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Defibrillators in Condominiums

One of the question we are increasingly being asked by our condominium clients is whether they should consider installing automated external heart defibrillators and, if so, what liability may be associated with the installation and use of such defibrillators.

It is well-known that the steps taken in the minutes following a cardiac arrest may make a difference between life and death.  Defibrillators, if well maintained and properly used, can make a life-saving difference.  The good news is that, in most cases, both the corporation and the user of a defibrillator will be protected against liability.

Study on surviving a cardiac arrest in high-rises

Earlier this year, the Canadian Medical Associate Journal published a study on the survival rate of patients presenting a cardiac arrest in high-rise buildings. The study was conducted in the City of Toronto and the Regional Municipality of Peel, which were selected because of their high population density. Sadly, the study concluded that the higher a patient was in a high-rise, the lower was the expected survival rate.  The study concluded that this was due to the fact that high-rise buildings posed unique challenges for 911-initiated first responders, such as:

  • Building access issues;
  • Elevator delays; and,
  • Extended distance between the emergency vehicle and the patient.

All of this contributes to longer times before the initiation of resuscitation manoeuvres.

The authors concluded that reducing barriers to 911-initiated first responders may help improve the response time. Some of the recommendations made by the author included granting paramedics with access to a universal elevator key (as fire departments). Another one was to implement a policy which resulted in alerting building staff before the arrival of the first responders to allow them to facilitate/accelerate the first-responders’ intervention. Finally, the author of the study recommended placing automated external defibrillators on specific floors, in the building lobbies or inside elevators to grant bystanders access to them.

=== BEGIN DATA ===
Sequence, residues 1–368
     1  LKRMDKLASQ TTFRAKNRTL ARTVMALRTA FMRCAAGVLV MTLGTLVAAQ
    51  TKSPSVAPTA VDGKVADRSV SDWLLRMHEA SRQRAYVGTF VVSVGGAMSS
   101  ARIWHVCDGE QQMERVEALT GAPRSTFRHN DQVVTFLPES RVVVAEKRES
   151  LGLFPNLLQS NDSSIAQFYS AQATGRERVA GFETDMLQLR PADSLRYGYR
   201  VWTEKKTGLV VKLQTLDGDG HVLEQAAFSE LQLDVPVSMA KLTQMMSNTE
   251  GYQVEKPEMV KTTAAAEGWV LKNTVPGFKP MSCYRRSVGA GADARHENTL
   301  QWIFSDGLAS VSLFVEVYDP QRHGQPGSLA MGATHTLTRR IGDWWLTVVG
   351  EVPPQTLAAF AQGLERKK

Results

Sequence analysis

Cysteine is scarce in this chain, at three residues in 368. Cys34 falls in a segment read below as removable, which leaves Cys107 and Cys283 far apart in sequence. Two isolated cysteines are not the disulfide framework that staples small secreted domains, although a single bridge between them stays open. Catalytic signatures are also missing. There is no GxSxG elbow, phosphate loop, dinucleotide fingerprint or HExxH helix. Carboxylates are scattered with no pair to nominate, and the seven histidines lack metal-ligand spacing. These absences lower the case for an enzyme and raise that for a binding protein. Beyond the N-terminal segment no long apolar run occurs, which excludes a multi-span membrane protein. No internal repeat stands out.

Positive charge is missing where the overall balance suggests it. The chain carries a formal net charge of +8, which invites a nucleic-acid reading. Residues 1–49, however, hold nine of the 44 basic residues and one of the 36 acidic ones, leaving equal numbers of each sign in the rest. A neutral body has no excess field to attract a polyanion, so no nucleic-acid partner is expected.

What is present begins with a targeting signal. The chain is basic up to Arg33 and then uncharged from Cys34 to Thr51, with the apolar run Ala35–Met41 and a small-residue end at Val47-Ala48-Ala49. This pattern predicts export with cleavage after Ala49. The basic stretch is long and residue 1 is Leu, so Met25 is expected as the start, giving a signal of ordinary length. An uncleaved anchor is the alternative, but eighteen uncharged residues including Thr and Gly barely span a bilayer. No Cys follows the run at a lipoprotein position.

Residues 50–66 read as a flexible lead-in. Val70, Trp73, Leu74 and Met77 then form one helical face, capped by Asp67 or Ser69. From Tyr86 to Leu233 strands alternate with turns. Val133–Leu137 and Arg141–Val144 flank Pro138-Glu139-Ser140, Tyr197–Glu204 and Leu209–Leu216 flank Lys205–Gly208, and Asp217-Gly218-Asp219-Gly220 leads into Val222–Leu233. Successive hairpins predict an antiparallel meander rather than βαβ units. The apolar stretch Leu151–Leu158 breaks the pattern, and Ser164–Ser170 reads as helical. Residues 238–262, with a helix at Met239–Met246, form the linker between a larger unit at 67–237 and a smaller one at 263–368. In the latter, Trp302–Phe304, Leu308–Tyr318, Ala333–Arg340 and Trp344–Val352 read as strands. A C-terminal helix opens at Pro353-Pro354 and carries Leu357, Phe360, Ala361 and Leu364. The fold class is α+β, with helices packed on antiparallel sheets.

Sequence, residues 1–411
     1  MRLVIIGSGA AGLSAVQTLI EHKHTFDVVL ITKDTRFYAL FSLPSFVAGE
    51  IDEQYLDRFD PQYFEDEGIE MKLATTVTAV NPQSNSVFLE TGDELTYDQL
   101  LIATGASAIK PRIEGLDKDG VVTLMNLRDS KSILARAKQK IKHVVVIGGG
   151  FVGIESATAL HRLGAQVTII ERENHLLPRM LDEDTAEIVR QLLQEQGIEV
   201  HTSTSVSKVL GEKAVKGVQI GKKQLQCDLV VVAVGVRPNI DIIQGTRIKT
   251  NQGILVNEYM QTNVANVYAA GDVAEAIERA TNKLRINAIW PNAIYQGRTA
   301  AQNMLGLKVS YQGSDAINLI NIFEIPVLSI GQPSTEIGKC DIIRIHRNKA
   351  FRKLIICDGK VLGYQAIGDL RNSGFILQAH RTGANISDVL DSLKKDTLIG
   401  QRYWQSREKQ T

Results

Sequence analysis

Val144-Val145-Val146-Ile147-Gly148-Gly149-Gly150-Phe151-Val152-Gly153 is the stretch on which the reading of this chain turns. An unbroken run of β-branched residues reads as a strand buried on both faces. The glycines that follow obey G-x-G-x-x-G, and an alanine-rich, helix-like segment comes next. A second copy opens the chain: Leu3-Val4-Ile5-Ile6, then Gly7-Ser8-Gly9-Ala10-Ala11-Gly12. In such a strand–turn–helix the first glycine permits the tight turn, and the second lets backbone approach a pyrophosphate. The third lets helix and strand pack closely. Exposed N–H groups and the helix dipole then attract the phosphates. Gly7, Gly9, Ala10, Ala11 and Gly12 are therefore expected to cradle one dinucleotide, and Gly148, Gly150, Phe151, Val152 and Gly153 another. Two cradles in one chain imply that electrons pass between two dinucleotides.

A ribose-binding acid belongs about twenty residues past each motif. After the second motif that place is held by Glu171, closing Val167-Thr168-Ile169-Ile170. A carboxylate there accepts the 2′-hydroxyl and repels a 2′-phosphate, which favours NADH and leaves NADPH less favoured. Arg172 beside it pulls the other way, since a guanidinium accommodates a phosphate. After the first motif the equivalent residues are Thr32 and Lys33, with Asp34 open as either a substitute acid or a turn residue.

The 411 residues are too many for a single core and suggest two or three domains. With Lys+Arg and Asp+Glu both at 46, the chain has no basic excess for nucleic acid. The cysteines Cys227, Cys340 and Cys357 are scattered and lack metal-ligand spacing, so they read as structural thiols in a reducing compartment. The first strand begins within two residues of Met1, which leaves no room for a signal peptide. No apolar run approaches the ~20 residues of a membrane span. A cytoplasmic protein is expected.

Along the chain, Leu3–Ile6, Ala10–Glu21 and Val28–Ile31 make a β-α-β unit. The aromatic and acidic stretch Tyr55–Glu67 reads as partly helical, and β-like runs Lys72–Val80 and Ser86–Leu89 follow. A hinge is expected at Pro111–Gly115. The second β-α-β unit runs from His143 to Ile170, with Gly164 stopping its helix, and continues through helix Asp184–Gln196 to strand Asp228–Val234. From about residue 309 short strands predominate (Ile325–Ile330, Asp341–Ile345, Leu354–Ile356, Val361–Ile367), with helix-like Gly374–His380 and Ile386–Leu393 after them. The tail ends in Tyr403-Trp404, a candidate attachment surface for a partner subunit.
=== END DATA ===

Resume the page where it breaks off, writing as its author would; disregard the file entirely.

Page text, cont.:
Legal ramifications of installing a defibrillator in a condo

Under the Regulated Health Professions Act, the use of a defibrillator is a controlled act, which can only be performed by a health professional authorized to do so, unless is it performed in the context of rendering first aid or temporary assistance in the context of an emergency. Such an emergency situation is usually defined as a situation where an individual believes that another is experiencing a life-threatening event that requires the provision of immediate care.

Still, the question we often get is whether the decision to use (or not to use) a defibrillator attracts personal liability.

In Ontario, since 2007, the Chase McEachern Act (or the Heart Defibrillator Civil Liability Act) provides that someone, who in good faith, voluntarily and without reasonable expectation of compensation or reward uses a defibrillator on someone experiencing an emergency is not liable for damages that may result from this person’s negligence in acting or failing to act, unless it is established that the damages were caused as a result of gross negligence.

That answers the question of whether a bystander is protected following the decision to use or not use the defibrillator in an emergency situation.  But what about the corporation’s decision to install a defibrillator?

The same legislation provides that, despite the Occupiers’ Liability Act, any person who owns or occupies premises where a defibrillator is made available for use (in this case, the condominium corporation) and who acts in good faith with respect to the availability or use of the defibrillator is exempt from civil liability for any harm or damage that may occur from the use of the defibrillator unless:

  • the corporation acts with gross negligence with respect to making the defibrillator available; or,
  • the corporation fails to properly maintain the defibrillator.

Prior to the adoption of the Chase McEachern Act (and in addition to it) the Good Samaritan Act applied similar protections to anyone who voluntarily and without reasonable expectation of compensation or reward provides emergency first aid assistance at the scene to a person who is ill, injured or unconscious as a result of an emergency.

Lessons learned

There is likely no legal obligation on a condominium corporation’s part to install a defibrillator. Still, such a decision is an important one worthy of serious consideration.  In the event a condominium corporation decides to install a defibrillator, the corporation should ensure it properly maintains it.  The corporation and anyone using a defibrillator in good faith, in the context of an emergency, can expect to be protected from personal liability unless damages are caused as a result of gross negligence.

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